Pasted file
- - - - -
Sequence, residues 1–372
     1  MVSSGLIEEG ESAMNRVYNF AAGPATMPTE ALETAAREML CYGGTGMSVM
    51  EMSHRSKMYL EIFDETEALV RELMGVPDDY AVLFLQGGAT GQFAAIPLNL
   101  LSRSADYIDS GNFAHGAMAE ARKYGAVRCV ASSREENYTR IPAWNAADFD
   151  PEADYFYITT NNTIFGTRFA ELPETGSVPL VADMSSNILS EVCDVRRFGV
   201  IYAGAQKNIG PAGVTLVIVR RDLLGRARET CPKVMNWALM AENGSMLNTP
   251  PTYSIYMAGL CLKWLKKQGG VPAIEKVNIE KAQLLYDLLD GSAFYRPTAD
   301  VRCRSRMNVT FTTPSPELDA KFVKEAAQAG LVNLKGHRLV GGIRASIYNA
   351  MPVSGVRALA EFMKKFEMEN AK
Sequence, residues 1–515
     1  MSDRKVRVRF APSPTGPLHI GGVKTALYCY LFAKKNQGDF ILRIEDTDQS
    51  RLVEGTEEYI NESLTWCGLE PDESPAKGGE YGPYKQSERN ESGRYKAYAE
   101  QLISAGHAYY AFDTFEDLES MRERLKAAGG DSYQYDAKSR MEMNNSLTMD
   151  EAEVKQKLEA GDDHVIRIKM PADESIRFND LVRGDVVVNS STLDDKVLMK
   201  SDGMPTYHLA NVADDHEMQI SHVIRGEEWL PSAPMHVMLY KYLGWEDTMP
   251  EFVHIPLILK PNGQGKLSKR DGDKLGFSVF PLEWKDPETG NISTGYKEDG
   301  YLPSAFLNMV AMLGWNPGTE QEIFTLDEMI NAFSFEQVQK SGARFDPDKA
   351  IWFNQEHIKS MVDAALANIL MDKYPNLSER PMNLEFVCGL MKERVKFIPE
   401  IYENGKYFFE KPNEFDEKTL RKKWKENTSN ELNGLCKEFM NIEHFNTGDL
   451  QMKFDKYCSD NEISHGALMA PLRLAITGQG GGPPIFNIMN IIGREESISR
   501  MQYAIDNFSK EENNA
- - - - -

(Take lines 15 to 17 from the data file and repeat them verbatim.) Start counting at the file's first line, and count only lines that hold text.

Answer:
   201  SDGMPTYHLA NVADDHEMQI SHVIRGEEWL PSAPMHVMLY KYLGWEDTMP
   251  EFVHIPLILK PNGQGKLSKR DGDKLGFSVF PLEWKDPETG NISTGYKEDG
   301  YLPSAFLNMV AMLGWNPGTE QEIFTLDEMI NAFSFEQVQK SGARFDPDKA